Superintendent's Report - April 27, 2009
Category : Superintendent Report
Published by Karen Delaney [Karen Delaney] on 04/29/2009


SUPERINTENDENT′S REPORT
BOARD MEETING
MONDAY, APRIL 27, 2009



Our regional school board braces for budget cuts.  Our elected board, in the Cape Breton-Victoria area, says our local budget is in for a hit and they are preparing for leaner times forced by the provincial economic downturn.  The news release from April 16th indicates a short fall for the Cape Breton-Victoria Regional School Board’s budget and has forced our board to look for ways to trim next year’s expenditures, which they have been working on for the past two weeks. Some of the considerations have included: reducing staff, limiting support for some student services, expenditure reductions, levelled at each item in the budget line, and professional development activities for staff.  A further desirable school program which will be affected, along with reduction, is a grade cap at grade four and beyond.  Textbooks have been reduced from the provincial budget which results in a 50% reduction in our regional textbook budget.


It is still unclear how the budget shortfall might affect total staff reduction.  We have been mandated to reduce our teaching staff, according to a 25-1 ratio in respect to our student decline.  At first glance, that indicated a 23.5 teacher reduction.  This, however, does not satisfy the accumulated teacher retention from other years that will have to be made up in the current budget.  The proposed expenditure for 2009-2010 has a shortfall of 3 Million dollars in respect to our revenues.  The school board is ever cognizant of the principle that they reduce expenditures that least affect student learning.  This will allow the Board to prioritize any alternative that is available to them.


Our board members must make difficult decisions to strike a balance between the desire for strong educational experiences and the need to control cost and avoid a deficit.  Of all the public agencies, school boards are unique in that their budgets must not have a deficit.


Our theme for this month is centered around every occurring activity that invites changes to any of our schools ....


Schools are undergoing constant change in an effort to meet the needs of students.  As parents and citizens, we must be aware of how change works in our schools.  Then we will be able to judge more accurately the changes proposed by citizens, schools, school boards, and by the governing bodies in our communities and nation.


Change is both threatening and exciting.  It’s threatening because it forces us to alter established procedures and ways of thinking.  Also, change doesn’t always mean a situation will improve.  However, change is exciting because it can bring improvement, and working for change can produce renewed enthusiasm for teaching and learning.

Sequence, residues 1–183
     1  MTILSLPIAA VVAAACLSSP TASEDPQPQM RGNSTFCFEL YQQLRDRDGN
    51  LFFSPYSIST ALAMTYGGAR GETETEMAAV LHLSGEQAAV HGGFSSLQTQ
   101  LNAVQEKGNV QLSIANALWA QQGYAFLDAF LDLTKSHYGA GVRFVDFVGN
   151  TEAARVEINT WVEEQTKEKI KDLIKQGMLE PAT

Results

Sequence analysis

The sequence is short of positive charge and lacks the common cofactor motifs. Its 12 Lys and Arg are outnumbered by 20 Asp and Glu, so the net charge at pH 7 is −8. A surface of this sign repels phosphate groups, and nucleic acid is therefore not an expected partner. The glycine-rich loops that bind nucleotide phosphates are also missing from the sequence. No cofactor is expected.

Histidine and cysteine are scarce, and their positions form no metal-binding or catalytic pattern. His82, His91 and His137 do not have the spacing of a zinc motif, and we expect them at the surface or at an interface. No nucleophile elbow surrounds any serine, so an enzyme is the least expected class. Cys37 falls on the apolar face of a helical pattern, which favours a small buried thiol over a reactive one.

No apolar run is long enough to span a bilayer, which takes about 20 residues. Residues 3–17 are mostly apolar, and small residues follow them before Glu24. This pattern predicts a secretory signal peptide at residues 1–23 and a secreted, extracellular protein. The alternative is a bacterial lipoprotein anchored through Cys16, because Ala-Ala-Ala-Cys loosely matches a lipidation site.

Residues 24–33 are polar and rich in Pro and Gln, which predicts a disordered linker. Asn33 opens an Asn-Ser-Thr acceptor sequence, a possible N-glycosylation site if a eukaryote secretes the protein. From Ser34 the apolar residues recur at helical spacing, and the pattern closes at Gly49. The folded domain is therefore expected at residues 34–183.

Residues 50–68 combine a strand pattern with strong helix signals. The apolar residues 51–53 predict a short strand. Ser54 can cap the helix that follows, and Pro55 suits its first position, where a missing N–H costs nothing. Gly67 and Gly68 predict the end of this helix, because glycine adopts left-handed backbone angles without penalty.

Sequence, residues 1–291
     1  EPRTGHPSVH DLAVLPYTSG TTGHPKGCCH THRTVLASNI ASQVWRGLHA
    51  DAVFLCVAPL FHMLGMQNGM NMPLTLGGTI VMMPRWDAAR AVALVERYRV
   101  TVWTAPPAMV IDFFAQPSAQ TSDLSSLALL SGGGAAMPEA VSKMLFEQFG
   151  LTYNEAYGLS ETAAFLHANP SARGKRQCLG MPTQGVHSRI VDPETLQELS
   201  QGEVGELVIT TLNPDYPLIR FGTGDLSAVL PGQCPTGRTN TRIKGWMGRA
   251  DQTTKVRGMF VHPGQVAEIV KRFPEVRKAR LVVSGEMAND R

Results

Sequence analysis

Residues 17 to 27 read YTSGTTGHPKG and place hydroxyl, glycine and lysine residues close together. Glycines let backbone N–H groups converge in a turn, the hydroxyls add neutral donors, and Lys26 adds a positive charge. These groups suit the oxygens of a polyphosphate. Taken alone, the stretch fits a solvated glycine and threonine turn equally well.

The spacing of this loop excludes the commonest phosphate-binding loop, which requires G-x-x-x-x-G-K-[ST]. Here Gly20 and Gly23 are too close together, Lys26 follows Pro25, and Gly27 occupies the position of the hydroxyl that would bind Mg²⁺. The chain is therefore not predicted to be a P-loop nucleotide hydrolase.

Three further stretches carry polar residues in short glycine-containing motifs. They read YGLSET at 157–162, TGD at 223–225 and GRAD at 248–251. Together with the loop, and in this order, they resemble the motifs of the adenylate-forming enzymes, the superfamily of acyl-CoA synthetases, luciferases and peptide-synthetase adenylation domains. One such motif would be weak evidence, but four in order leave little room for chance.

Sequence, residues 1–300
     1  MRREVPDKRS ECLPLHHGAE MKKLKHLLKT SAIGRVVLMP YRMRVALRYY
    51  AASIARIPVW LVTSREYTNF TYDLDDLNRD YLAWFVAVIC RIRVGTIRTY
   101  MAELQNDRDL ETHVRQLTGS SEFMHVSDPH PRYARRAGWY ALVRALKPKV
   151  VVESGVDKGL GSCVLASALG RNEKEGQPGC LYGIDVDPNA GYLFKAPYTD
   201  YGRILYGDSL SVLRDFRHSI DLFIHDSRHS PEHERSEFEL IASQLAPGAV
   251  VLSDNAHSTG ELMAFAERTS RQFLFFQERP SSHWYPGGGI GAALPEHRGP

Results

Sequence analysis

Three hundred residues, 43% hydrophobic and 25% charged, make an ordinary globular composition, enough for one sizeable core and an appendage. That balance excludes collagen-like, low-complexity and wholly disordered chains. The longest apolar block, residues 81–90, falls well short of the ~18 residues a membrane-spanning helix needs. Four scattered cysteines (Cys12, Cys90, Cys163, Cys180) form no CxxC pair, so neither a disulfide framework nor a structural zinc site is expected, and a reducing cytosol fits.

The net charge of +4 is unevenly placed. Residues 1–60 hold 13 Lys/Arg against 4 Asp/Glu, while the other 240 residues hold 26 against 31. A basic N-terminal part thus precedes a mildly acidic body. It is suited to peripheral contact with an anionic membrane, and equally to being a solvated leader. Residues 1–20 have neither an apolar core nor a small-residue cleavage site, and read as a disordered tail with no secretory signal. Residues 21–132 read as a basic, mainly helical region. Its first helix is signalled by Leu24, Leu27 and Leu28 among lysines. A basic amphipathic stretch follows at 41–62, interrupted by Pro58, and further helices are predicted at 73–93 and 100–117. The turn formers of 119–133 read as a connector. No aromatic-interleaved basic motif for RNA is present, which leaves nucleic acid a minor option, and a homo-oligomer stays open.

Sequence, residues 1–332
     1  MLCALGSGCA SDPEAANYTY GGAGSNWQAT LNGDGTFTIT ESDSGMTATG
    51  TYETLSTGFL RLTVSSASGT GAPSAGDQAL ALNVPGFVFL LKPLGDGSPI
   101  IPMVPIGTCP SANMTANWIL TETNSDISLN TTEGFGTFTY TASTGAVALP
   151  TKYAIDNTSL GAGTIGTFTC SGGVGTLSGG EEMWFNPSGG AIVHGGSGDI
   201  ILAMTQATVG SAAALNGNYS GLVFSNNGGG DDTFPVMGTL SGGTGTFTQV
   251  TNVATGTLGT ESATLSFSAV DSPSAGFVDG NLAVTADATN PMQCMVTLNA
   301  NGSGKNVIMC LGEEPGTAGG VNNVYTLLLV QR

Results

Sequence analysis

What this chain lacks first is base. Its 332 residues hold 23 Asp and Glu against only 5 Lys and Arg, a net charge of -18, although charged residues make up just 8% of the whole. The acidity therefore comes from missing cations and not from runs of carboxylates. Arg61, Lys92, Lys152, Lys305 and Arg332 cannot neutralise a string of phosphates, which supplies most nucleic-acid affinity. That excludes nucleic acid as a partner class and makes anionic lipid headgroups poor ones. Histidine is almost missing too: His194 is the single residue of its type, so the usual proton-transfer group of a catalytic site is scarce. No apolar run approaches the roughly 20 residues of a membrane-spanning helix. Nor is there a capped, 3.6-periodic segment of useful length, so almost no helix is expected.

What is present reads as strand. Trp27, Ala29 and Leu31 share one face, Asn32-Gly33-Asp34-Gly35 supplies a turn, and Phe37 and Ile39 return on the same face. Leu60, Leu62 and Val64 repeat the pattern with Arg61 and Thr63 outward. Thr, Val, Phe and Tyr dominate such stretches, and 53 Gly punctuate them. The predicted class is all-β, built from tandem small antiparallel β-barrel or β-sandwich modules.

There is a basic rule about change which we must remember.  For change to happen, the people who want the change, the people who will be affected by the change, and the people who lead must work closely together.  They must try to understand one another’s viewpoints and needs.  Support for a change is seldom unanimous.  However, the more broad-based the involvement, the greater the likelihood of the change being successfully implemented.  Achieving broad-based involvement and support requires talking to all concerned about the benefits of the change.  All of us – parents, citizens, teachers, administrators, students and lawmakers – would do well to remember this reality.


There are some guidelines that can help us evaluate changes and make sure they are meaningful and worthwhile.  They are posed in a series of questions that each teacher and parent must answer when surveying the educational landscape for changes that will result in an improvement in education:


  • Would the proposed change have as one of its purposes enhancing the basic skills – reading, writing, mathematics, language, and rational thinking – that are needed by every student?
  • Would the proposed change contribute to each student’s self-esteem and dignity?  Would it enable the student to develop a closer, more caring relationship with the teacher and other students?
  • Does the proposed change correspond to what history, experience and research have shown to be valid about teaching and learning?
  • Does the proposed change concern technicalities and ‘material things’ or human beings?  Our first priority should always be people, not things.

There are other questions that we might also ask about proposed changes.  Nevertheless, if we keep only these four in mind, we will seldom go wrong in making choices concerning which new ideas to support.



We sometimes become frustrated because we know that our schools may not be as good as they could be.  But if we try to force change that does not meet the above criteria, chances are the change will prove worthless – if it is implemented at all.  As parents and citizens, it is our responsibility to voice our opinions about proposed changes.  Our biggest responsibility, however, is to ensure that every change is a change for the better.


Mr. Chairman this concludes my report for this month.  If there are any questions pertaining to this report, I would respectfully ask that they be directed to me through the Board Chair.